Droning funnyman Ben Stein monkeys around with evolution with the new documentary, “Expelled: No Intelligence Allowed,” a cynical attempt to sucker Christian conservatives into thinking they’re losing the “intelligent design” debate because of academic “prejudice.”
“Expelled” is a full-on, amply budgeted Michael Moore-styled mockery of evolution, a film that dresses creationist crackpottery in an “intelligent design” leisure suit and tries to make the fact that it’s not given credence in schools a matter of “academic freedom.”
Using loaded language and loaded imagery, Stein and Co. (Nathan Frankowski is the credited director) equate evolution with atheism, lay responsibility for the Holocaust at the feet of Charles Darwin, interview and creatively edit biologists and others (scientists “cast” for their eccentric appearance) to make them look foolish for insisting that science, not religion, can explain creation.
Stein and friends use animation (shades of “Bowling for Columbine”), amusing chunks of B-movies and even “The Wizard of Oz” and classic propaganda techniques to undercut 150 years of peer-tested research. Their goal? Create just a sliver of doubt about evolution. It’s a classic Big Tobacco/”Inconvenient Truth” denial tactic.
Nice, now the kids in Florida will finally be able to catch up and learn what God obviously wants kids taught but is incapable of teaching himself. Good work Florida!
A majority of Pinellas County School Board members think that if Florida children are taught evolution, they also should learn other theories on the origin of life.
Board members Jane Gallucci, Carol Cook, Peggy O’Shea and Nancy Bostock stopped short of saying that faith-based theories should be included in the state’s proposed new science standards, which the Board of Education likely will vote on in February. They would include Darwin’s theory of evolution but not faith-based theories such as intelligent design or creationism.
But in interviews, all four said such theories should be taught in public school classrooms.
“I think that students should be given the opportunity to view all theories on how man evolved and let their science background and their religious background take over as to which one they believe in,” said Gallucci, also the immediate past president of the National School Boards Association.
“To teach one as if nothing else existed, I think we’re doing our students a disservice,” Cook said.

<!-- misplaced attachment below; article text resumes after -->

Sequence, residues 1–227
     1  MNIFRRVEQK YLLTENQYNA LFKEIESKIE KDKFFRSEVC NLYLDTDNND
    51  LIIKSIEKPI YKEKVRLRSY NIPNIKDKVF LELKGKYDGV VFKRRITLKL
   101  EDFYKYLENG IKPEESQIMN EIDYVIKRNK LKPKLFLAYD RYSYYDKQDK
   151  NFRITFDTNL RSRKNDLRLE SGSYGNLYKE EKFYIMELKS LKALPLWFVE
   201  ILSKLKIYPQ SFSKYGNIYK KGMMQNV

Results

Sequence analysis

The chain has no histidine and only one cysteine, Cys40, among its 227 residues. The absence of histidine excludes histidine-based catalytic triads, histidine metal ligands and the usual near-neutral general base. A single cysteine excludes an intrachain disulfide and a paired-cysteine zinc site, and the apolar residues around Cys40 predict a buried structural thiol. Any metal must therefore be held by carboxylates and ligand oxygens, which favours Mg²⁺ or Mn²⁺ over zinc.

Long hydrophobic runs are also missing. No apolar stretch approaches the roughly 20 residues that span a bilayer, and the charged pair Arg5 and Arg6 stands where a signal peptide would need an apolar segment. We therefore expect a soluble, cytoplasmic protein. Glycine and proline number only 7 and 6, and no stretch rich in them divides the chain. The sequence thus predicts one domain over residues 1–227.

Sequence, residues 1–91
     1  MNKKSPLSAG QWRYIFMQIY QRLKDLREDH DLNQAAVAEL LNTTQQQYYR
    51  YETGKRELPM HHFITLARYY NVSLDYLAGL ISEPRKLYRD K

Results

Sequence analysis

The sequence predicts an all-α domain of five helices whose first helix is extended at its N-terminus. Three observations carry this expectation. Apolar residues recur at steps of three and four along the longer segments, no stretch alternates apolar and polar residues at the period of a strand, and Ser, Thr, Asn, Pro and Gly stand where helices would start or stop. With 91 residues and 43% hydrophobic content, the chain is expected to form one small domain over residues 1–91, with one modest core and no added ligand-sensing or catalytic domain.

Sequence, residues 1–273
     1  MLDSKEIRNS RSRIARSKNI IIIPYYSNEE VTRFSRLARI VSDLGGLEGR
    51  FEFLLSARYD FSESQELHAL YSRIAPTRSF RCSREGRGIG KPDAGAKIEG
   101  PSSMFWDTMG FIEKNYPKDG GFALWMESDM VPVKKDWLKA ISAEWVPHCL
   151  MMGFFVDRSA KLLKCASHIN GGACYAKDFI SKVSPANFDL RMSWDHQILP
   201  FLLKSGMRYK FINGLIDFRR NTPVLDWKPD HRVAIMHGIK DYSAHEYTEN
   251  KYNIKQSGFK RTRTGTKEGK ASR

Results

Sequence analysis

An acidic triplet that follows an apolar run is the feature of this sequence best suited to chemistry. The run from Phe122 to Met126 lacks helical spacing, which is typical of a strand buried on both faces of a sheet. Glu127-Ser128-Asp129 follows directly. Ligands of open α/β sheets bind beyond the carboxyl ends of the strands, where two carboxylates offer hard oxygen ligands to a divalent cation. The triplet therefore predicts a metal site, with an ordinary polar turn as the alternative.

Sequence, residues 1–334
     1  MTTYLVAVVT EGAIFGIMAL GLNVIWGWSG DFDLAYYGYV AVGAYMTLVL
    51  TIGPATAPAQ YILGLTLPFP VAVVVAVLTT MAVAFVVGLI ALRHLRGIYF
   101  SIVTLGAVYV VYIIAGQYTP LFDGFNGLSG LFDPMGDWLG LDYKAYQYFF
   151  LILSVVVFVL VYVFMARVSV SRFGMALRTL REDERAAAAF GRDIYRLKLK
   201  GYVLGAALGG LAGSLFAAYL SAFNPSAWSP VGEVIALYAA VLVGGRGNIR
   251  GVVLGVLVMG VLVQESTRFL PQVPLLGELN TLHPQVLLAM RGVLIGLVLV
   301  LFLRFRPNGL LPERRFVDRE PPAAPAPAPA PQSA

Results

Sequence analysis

O’Shea worries that children who are taught creationism at home might be confused by evolution. And Bostock wonders if creationism could be taught without saying it’s science.
Board members Janet Clark and Linda Lerner, however, said intelligent design has no place in a public school classroom. Board member Mary Brown declined to offer an opinion.
Yep, nothing like being fired for criticizing religio-political shit only to get yourself fired by a board that clearly has no handle on reality.
AUSTIN, Tex., Nov. 29 (AP) â€” The stateâ€™s director of science curriculum said she resigned this month under pressure from officials who said she had given the appearance of criticizing the teaching of intelligent design.
The Texas Education Agency put the director, Chris Comer, on 30 daysâ€™ paid administrative leave in late October, resulting in what Ms. Comer called a forced resignation.
The move came shortly after she forwarded an e-mail message announcing a presentation by Barbara Forrest, an author of â€œCreationismâ€™s Trojan Horse.â€ The book argues that creationist politics are behind the movement to get intelligent design theory taught in public schools. Ms. Comer sent the message to several people and a few online communities.
Ms. Comer, who held her position for nine years, said she believed evolution politics were behind her ousting. â€œNone of the other reasons they gave are, in and of themselves, firing offenses,â€ she said.
Education agency officials declined to comment Wednesday on the matter. But they explained their recommendation to fire Ms. Comer in documents obtained by The Austin American-Statesman through the Texas Public Information Act.
Â Now this is some good news. ‘Bout time schools treat myth as such.
LAWRENCE, Kan. (AP) — Creationism and intelligent design are going to be studied at the University of Kansas, but not in the way advocated by opponents of the theory of evolution.
A course being offered next semester by the university religious studies department is titled “Special Topics in Religion: Intelligent Design, Creationism and other Religious Mythologies.”
“The KU faculty has had enough,” said Paul Mirecki, department chairman.
“Creationism is mythology,” Mirecki said. “Intelligent design is mythology. It’s not science. They try to make it sound like science. It clearly is not.”
Earlier this month, the state Board of Education adopted new science teaching standards that treat evolution as a flawed theory, defying the view of science groups.